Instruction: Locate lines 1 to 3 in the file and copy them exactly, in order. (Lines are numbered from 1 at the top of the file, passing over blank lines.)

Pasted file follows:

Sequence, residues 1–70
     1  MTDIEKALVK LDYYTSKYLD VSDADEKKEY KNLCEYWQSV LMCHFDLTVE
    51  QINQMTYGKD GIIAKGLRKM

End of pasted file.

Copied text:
Sequence, residues 1–70
     1  MTDIEKALVK LDYYTSKYLD VSDADEKKEY KNLCEYWQSV LMCHFDLTVE
    51  QINQMTYGKD GIIAKGLRKM